As part of the Affordable Care Act, states can create a new eligibility category for Medicaid for people with incomes up to 138 percent of the federal poverty level, or approximately $15,850 for an individual or $26,950 for a family of three. In Georgia, according to the report, about 694,000 people would gain health coverage under this expansion, mostly childless adults and some parents.
To date, Governor Deal has rejected the offer to expand coverage citing concerns about the cost to the state. As this new report details, however, expanding Medicaid would be an economic engine for Georgia. Of the more than 70,000 jobs that would be created, just over half would be in the health care sector; however, other industries such as real estate, food services, and wholesale trade businesses would also gain jobs. The report also shows the geographic distribution of jobs created throughout Georgia by state service delivery region. To read the full report, click here.
Each year, Georgians for a Healthy Future releases A Consumer Health Advocate’s Guide to the Georgia Legislative Session to provide you with the information you need to take action! Our 2013 guide is now available and features an overview of the legislative process in Georgia; contact information for all state legislators; descriptions and listings for each legislative committee with jurisdiction over health care issues; contact information for state agencies and officials; contact information for health care organizations and associations active in Georgia; key media contacts; and tools and strategies for effective consumer health advocacy. You can either download the guide here or request a hard copy of the guide by e-mailing Georgians for a Healthy Future’s Outreach & Advocacy Director here.
Georgians for a Healthy Future and more than 40 organizations launched an education and advocacy campaign this week is support of expanding Medicaid in Georgia. Below is our announcement about Cover Georgia’s launch. Please contact us if you’d like to join the coalition.
COVER GEORGIA COALITION LAUNCHES EFFORT TO ENSURE THAT THE STATE MOVES FORWARD WITH THE MEDICAID EXPANSION
ATLANTA, Ga., January 10, 2013 – More than 40 organizations – including healthcare providers, hospitals and healthcare advocates – announced today the creation of a coalition in support of expanding Medicaid to Georgians with incomes below 133 percent of the federal poverty level as authorized by the federal health care reform law, the Affordable Care Act (ACA).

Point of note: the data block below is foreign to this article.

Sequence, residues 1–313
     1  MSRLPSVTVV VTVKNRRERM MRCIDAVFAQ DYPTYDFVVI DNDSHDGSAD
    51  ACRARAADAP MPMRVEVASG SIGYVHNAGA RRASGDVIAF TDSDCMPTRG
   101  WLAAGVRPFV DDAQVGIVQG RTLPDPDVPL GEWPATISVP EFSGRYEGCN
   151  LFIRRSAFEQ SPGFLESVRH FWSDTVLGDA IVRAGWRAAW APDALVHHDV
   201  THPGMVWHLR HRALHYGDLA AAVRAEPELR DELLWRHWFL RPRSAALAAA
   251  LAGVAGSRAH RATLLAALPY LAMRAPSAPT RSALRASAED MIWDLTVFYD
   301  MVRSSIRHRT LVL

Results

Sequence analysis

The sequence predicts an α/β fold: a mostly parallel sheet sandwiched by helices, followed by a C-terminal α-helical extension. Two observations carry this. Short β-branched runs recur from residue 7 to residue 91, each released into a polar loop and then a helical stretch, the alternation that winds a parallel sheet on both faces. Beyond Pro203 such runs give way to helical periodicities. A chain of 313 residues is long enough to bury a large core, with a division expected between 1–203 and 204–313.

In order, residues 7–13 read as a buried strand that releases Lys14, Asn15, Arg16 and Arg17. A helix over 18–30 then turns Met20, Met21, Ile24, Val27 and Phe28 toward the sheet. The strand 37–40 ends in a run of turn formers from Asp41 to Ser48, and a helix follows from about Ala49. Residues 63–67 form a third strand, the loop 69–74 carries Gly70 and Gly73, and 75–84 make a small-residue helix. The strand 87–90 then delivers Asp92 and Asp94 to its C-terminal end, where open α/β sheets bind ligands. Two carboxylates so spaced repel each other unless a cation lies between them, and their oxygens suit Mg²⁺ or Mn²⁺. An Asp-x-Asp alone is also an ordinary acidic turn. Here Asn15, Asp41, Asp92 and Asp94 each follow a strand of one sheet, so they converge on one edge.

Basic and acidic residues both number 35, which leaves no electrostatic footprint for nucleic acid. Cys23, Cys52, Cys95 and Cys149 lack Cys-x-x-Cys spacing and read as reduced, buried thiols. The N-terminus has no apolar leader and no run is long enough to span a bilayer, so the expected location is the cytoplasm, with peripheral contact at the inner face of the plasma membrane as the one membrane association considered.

Called Cover Georgia, the coalition is spearheaded by Georgians for a Healthy Future and is comprised of a wide range of healthcare stakeholders, including the Georgia Rural Health Association, the Georgia Academy of Family Physicians, AARP Georgia, the American Cancer Society, among many others.
Enacted by Congress in 2010, the Affordable Care Act included the Medicaid Expansion provision, which would provide the states with billions of dollars in new federal funds to enroll currently uninsured citizens in their Medicaid programs. In Georgia, expanding the program is projected to cover approximately 650,000 Georgians and to bring approximately $33 billion in federal funds into the state over ten years. For the first three years of the expansion, the federal government will fund 100 percent of the new cost; after that, the states would be required to cover no more than 10 percent of the total cost from 2020 onward.
Cover Georgia will make the case that expanding Georgia’s Medicaid program and leveraging the billions of dollars in federal resources will improve access to care, strengthen the state’s health care delivery system, and bolster Georgia’s economy. “This is an unprecedented opportunity to impact the lives of hundreds of thousands of Georgians and we simply cannot pass up this opportunity,” said Amanda Ptashkin, outreach and advocacy director for Georgians for a Healthy Future, the organization spearheading the coalition work.
When the U.S. Supreme Court decided the constitutionality of the ACA in 2012, it ruled that states could not be compelled to participate in the Medicaid Expansion. So far, Governor Deal has said he does not plan to move forward with the expansion in Georgia, expressing concerns about the state budget and the long-term fiscal outlook at the federal level.
“Cover Georgia is a statewide education and advocacy campaign focused on spotlighting both the critical role that Medicaid plays within Georgia today and the opportunity that implementing an expansion of the program presents for consumers, the health care system, and our state’s economy,” said Cindy Zeldin, executive director of Georgians for a Healthy Future. “Covering the lowest-income uninsured through Medicaid will provide access to the basic prevention and treatment services that uninsured Georgians lack today and will pump an infusion of federal dollars into our state’s health care economy.”
“Other states across the country are saying yes to the Medicaid expansion and are investing in their state’s health care delivery systems with federal taxpayer dollars paid by Georgians. Georgia cannot afford to maintain the status quo while other states invest heavily in their health systems. Doing so will further compound regional health disparities and limit Georgia’s ability to compete in the long-run.”